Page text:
If you haven't been evacuated from your home as the darkness falls, what's next? You're as ready as you can be, so...
Most people, by far, read during a big storm, at least as long as they have light to read by, presumably. For women, the second-most common bad-weather activity is having deep conversations. Men aren't far behind — it's their third place choice. In second for men is listening to music, and third place for women? Zzzzzzz.
Storm sex? Sure, for 35.6 percent of men, but just 23.4 percent of women. There could be a few different reasons for the disparity. We'll leave that little guessing game to you.
Ten percent of women make shadow puppets. Aw. For those wishing it would just stop — likely people with young children — there are pillow forts to be built. Aw, again.
Then there's that 25.4 percent of women and 27.2 percent of men…
Stormy (hic) weather
So about that 25.4 percent of women and 27.2 percent of men, hurricane readiness must include acquiring hooch. Their favorite thing to drink as the world maybe ends is — no surprise — beer.
Drinkin' in the rain...
About half of those surveyed who drink go out during the madness for fun. People full of liquid courage also brave the elements for less ridiculous reasons, such as evacuating — hopefully someone else is driving — and performing rescues and repairs.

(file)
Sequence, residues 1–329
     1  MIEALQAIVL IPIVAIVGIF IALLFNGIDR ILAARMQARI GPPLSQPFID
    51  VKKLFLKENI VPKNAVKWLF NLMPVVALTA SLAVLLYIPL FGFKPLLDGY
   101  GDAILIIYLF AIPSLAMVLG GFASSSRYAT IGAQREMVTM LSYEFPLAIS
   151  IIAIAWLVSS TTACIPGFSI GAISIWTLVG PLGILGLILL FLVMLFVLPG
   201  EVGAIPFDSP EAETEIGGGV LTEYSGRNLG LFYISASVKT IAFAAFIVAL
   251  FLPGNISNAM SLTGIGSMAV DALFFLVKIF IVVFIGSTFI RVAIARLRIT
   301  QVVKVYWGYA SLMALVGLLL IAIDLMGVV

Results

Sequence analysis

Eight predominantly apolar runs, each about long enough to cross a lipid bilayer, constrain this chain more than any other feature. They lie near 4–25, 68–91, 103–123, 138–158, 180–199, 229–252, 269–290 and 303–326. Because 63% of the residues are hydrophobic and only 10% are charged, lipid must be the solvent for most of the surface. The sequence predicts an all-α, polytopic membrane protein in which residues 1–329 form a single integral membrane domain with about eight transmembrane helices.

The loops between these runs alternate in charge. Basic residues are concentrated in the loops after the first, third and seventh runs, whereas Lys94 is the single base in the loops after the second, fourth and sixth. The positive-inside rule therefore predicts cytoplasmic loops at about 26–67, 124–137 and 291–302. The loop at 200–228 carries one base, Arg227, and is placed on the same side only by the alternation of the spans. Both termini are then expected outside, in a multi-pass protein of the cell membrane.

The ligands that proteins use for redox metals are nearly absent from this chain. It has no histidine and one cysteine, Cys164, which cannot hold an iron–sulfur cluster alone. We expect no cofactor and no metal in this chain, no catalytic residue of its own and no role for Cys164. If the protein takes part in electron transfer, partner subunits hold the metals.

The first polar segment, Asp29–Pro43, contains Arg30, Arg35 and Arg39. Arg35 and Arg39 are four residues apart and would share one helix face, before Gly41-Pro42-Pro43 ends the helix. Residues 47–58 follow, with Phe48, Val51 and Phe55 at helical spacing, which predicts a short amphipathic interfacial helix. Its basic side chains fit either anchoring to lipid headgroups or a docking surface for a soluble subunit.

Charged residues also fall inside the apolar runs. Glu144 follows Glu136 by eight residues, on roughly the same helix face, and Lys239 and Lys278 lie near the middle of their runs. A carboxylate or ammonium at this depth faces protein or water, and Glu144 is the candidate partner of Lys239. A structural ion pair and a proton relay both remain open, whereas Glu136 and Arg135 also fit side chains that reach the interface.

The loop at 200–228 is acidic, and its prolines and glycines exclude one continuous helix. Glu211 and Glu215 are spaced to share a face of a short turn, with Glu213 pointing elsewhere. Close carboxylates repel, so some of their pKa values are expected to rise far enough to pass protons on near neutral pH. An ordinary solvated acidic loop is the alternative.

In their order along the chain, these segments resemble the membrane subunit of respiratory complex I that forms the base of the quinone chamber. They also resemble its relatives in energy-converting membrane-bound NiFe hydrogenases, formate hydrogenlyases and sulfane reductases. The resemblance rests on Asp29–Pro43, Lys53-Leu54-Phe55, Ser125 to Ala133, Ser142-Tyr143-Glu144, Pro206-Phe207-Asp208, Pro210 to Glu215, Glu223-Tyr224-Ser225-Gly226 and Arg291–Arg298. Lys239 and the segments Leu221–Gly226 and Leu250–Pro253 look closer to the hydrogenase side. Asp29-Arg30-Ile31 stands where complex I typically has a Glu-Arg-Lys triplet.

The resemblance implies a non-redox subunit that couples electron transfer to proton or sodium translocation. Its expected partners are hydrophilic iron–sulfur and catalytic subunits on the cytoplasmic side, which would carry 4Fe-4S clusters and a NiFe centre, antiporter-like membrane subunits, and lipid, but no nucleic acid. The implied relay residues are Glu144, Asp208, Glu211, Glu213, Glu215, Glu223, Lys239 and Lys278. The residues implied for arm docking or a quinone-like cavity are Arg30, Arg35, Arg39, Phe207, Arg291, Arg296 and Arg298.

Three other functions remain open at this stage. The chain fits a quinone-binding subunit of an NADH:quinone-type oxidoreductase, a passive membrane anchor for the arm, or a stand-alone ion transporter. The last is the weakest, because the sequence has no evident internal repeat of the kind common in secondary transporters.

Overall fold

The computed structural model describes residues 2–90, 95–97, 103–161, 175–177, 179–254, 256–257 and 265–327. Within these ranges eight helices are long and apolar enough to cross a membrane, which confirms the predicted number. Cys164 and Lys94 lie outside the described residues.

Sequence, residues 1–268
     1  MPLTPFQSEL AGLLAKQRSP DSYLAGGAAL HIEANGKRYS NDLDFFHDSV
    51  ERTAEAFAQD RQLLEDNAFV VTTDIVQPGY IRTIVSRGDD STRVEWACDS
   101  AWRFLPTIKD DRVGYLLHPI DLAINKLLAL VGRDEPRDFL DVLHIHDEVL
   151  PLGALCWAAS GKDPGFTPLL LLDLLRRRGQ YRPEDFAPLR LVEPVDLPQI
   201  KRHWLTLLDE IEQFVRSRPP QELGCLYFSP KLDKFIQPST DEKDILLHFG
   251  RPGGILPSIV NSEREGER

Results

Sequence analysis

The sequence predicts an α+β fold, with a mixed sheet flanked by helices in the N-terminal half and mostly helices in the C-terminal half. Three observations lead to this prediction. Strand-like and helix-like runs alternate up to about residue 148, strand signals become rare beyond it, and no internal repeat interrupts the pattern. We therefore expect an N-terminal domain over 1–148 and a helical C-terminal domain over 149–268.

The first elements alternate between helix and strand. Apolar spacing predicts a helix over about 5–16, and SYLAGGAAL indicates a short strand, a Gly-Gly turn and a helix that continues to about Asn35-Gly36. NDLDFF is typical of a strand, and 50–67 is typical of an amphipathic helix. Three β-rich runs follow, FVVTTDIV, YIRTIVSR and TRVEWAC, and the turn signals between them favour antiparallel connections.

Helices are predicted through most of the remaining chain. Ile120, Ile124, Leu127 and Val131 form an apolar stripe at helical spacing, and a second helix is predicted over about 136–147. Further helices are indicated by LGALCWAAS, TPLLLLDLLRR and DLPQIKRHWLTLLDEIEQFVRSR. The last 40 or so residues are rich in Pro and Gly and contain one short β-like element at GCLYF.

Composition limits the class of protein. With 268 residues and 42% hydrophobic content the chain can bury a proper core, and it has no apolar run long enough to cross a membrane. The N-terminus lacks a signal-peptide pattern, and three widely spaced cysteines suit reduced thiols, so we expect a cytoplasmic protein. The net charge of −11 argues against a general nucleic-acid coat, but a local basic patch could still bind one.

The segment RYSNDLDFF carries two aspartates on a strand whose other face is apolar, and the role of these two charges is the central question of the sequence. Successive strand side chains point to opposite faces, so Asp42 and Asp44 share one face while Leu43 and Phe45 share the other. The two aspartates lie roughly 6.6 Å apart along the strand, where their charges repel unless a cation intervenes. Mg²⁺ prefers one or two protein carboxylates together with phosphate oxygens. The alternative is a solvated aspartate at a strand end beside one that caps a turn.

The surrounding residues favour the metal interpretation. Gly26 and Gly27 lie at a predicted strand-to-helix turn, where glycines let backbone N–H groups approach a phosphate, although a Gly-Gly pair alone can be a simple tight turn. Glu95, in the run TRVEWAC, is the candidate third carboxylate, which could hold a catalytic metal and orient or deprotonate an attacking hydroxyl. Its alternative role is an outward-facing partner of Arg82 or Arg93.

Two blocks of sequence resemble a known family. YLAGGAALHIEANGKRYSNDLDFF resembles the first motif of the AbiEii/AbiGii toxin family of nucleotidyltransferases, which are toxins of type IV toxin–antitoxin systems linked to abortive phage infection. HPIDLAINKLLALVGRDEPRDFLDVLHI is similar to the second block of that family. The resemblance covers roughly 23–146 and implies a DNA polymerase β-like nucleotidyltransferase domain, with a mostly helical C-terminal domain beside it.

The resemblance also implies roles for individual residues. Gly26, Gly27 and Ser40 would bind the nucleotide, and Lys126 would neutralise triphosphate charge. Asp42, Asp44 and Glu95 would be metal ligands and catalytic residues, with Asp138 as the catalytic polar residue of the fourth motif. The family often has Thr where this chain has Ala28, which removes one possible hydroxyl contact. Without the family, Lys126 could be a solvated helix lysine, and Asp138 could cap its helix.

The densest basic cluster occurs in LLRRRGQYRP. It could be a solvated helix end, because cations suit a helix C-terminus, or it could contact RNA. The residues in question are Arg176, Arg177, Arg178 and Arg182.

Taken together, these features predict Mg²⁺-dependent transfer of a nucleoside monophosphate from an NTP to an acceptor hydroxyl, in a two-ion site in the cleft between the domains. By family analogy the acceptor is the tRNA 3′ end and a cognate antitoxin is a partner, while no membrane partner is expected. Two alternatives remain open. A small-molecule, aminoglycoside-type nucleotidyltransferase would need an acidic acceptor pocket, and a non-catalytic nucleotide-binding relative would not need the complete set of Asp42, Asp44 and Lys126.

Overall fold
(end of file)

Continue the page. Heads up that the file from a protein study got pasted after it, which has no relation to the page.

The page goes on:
Half of the people surveyed don't go out. Darwinism at work?
About those Floridians
It's by no means the case that people from Florida get so many storms that they don't care. It's just that it's part of life there, and Farah & Farah thus award them their own breakdown.
In three of the five examined regional areas, about 70 percent of respondents buy alcohol when preparing for a storm. Only in the cities of Tampa, St. Pete, and Clearwater do less than half of the people surveyed liquor-up, even though they're the most stressed by approaching storms. Still, a solid majority of these people go out during storms — in fact, in Jacksonville, only 9.1% don't. Yipes.
Don’t mess with Mother Nature
Sorry. Too late. We have. It certainly feels like weather is getting more extreme, and recent storms seem to have served as an inflection point for many people regarding their attitudes about climate change. Turns out the dire warnings have been optimistic — it wasn't supposed to get so crazy so soon, right? Vox recently published a great article describing what our options going forward are. It turns out it may not be too late just yet. It's well worth a read.
- Hurricane OVERreaction? HOGWASH! - Big Think ›
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The rough beauty of the American West seems as far as you can get from the polished corridors of power in Washington DC.
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A new coronavirus vaccine on display at the Nikolai Gamaleya National Center of Epidemiology and Microbiology in Moscow, Russia.
Credit: Alexander Zemlianichenko Jr/ Russian Direct Investment Fund via AP
Medical workers draw blood from volunteers participating in a trial of a coronavirus vaccine at the Budenko Main Military Hospital outside Moscow, Russia.
Credit: Russian Defense Ministry Press Service via AP